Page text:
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ALBUM REVIEW

Martyrdom in metallic rock chords

November 29, 2005|Steve Hochman

Scott Stapp

The Great Divide (Wind-up)

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When someone declares, "I do not have to justify the way I live my life," one thing is certain: That person does feel a need to justify his or her life. There's no other reason for making that statement.

By the time former Creed frontman Stapp sings that chorus of the quasi-anthem "Justify" on his solo debut, he's already floated various vague, defensive justifications and rationalizations in several songs for whatever it is he thinks he needs to justify. Breaking up the band? His Christian faith? Making an album that barely strays from the mega-successful Creed blueprint, other than adding a layer of metallic crunch to the hard alt-rock?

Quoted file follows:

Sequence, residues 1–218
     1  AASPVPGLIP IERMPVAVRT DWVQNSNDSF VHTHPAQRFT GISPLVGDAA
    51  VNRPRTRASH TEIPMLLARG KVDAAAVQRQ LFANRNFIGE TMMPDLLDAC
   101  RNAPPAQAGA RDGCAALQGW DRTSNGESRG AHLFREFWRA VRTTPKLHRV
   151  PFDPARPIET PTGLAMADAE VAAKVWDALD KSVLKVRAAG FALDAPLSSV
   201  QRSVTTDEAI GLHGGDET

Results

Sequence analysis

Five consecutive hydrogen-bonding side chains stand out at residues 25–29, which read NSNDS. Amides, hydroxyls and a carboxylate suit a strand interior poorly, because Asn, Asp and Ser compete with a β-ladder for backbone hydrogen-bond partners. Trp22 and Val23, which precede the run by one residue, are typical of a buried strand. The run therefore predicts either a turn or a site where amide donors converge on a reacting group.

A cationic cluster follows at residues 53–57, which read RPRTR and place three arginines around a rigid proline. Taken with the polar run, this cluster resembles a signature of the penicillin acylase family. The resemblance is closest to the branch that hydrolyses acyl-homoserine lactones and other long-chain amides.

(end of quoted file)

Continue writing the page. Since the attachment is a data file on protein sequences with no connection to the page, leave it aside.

Whatever it is, Stapp revels in his martyrdom. Every growl of his voice, every power chord from his new band seems meant to convey that he's suffered, but survived. He gets off to a fairly good start, singing of new beginnings in the opening "Reach Out" while guitarists Aristides Rincon and John Curry add enticing Middle Eastern tones. But midway through the album, the pace grows ponderous.

And while his Everyman stance ("I'm just a simple man," he sings in "The Hard Way") may resonate with the fans who bought 25 million Creed albums, the self-referentialism may seem self-righteous to anyone else.

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-- Steve Hochman

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